Procedure—For 3 herds, fecal samples were collected from all mature cows and unweaned calves 7 times during an 18-month period. For the remaining 2 herds, fecal samples were collected from 50 lactating cows 6 times during a 12-month period. Individual animal production records for 3 herds were used to examine associations between individual fecal Salmonella shedding status and 305-day matureequivalent milk production, somatic cell count, milk fat content, and milk protein content. Multivariable logistic regression was used to test for associations between fecal shedding status and breed, lactation status, lactation number, and duration of lactation.

Results—None of the adult animals had clinical signs of salmonellosis, but prevalence of fecal Salmonella shedding at individual collection times ranged from 0 to 99% for cows and from 0 to 67% for unweaned calves. Mature cows were more likely to be shedding Salmonella organisms than were unweaned calves. Within herds, lactation status and duration of lactation for individual animals were associated with Salmonella shedding status. Salmonella fecal shedding status was not associated with individual cow production measures.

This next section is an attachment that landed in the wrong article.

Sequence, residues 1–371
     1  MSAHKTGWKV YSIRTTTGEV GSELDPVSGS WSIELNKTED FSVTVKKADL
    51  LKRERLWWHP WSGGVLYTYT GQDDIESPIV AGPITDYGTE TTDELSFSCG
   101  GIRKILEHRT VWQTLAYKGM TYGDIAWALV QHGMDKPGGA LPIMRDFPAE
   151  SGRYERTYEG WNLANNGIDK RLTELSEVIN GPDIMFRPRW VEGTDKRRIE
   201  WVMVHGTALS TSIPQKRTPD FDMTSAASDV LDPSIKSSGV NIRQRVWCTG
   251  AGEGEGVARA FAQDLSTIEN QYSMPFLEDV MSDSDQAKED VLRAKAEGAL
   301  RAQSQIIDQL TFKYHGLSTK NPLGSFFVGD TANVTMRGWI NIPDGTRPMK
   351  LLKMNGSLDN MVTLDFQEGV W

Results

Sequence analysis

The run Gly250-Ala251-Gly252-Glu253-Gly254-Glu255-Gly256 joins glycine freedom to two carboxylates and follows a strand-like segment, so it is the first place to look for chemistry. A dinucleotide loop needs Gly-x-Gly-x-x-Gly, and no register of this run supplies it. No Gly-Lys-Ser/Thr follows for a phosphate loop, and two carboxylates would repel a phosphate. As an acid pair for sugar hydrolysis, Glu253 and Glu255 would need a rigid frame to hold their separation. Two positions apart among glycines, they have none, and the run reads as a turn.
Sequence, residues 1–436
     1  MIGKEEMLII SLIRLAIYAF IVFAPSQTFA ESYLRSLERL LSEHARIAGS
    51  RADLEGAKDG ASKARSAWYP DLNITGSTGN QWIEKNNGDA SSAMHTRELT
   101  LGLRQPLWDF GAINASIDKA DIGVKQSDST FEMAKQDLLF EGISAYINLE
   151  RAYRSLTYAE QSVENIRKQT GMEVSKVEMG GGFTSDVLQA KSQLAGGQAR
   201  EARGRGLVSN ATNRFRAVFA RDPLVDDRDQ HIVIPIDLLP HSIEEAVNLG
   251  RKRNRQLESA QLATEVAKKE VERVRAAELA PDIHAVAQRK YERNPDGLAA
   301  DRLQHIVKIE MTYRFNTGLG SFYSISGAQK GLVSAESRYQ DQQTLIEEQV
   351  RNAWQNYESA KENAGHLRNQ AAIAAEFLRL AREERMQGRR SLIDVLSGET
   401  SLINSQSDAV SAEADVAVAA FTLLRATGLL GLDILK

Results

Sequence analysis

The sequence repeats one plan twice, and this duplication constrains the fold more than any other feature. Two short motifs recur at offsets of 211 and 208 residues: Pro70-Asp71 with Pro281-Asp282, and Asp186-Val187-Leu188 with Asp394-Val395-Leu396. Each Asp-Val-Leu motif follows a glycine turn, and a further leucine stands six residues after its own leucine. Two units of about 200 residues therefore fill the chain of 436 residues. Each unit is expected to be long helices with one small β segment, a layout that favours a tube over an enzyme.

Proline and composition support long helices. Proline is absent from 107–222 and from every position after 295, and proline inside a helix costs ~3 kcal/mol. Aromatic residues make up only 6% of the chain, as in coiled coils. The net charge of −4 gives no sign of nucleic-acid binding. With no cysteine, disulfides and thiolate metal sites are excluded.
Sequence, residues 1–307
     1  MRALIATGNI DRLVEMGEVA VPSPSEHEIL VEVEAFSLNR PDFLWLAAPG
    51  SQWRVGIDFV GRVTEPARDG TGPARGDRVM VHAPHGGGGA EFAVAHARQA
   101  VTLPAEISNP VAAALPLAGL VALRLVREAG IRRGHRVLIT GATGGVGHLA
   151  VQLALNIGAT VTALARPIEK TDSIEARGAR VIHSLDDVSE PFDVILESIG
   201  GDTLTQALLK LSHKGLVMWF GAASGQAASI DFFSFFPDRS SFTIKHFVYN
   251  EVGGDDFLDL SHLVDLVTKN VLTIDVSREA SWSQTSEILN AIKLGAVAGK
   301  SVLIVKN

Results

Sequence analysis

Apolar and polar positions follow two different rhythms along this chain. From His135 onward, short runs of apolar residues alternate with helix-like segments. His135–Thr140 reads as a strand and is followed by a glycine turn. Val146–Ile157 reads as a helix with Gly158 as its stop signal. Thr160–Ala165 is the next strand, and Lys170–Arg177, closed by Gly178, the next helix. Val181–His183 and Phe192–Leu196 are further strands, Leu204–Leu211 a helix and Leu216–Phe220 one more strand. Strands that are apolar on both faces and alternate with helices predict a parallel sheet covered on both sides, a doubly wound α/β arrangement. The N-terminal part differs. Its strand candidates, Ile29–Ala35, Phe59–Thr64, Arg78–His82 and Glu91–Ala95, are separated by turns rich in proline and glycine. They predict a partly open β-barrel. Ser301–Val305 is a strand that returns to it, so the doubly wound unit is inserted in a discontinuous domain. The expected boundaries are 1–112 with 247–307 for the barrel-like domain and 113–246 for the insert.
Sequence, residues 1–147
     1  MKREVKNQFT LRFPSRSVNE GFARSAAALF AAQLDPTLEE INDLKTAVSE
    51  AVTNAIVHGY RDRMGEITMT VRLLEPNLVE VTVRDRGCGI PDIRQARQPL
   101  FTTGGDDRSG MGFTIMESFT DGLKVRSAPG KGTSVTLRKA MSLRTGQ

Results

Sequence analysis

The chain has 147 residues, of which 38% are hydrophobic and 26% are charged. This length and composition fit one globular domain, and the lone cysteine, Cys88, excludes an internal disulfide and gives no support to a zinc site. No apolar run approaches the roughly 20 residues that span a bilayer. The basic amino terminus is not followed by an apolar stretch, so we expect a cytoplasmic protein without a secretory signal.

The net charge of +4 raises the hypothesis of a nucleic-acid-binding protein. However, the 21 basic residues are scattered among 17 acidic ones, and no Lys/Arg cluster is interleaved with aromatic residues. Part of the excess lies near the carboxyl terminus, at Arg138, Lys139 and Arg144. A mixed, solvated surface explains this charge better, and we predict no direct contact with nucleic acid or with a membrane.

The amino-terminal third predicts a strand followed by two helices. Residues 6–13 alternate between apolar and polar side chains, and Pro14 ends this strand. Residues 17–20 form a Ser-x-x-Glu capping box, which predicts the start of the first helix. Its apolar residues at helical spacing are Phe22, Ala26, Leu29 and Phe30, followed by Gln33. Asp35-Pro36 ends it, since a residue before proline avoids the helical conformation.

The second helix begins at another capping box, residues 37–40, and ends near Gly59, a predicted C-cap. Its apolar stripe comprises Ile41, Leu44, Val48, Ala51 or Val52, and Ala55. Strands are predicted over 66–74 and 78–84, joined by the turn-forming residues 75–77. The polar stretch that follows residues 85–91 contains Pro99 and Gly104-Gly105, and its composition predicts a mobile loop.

Conclusions and Clinical Relevance—Results suggest that subclinical fecal Salmonella shedding can persist in dairy herds for up to 18 months with no measurable effects on health or production of individual cows. (J Am Vet Med Assoc 2002;220:650–655)

Full access
in Journal of the American Veterinary Medical Association

Abstract

Objective—To determine whether bulk-tank standard plate counts or plate loop counts and bulk-tank somatic cell counts (SCC) were associated with detection of violative antimicrobial residues in milk from dairy cattle.

Design—Longitudinal study.

Procedure—Information for 1994 through 1997 was obtained from a large milk marketing cooperative that operated in multiple states throughout the northeastern and midwestern United States (16,831 herd-years of information from 6,546 farms) and from the Ohio Department of Agriculture Grade-A Milk Certification Program (12,042 herd-years of information from 4,022 farms). Data were analyzed by use of multivariate logistic regression.

Results—For both data sets, odds that a violative antibiotic residue would be detected increased as mean SCC for the herd-year increased. Standard plate counts and plate loop counts were not associated with odds that a violative antibiotic residue would be detected.

Conclusions and Clinical Relevance—Results of this study suggested that the odds that a violative antibiotic residue would be found in bulk-tank milk increased as mean SCC for the herd-year increased. This suggests that management practices that would be expected to influence SCC may also influence the risk of antibiotic residue violations. (J Am Vet Med Assoc 2000;217:541–545)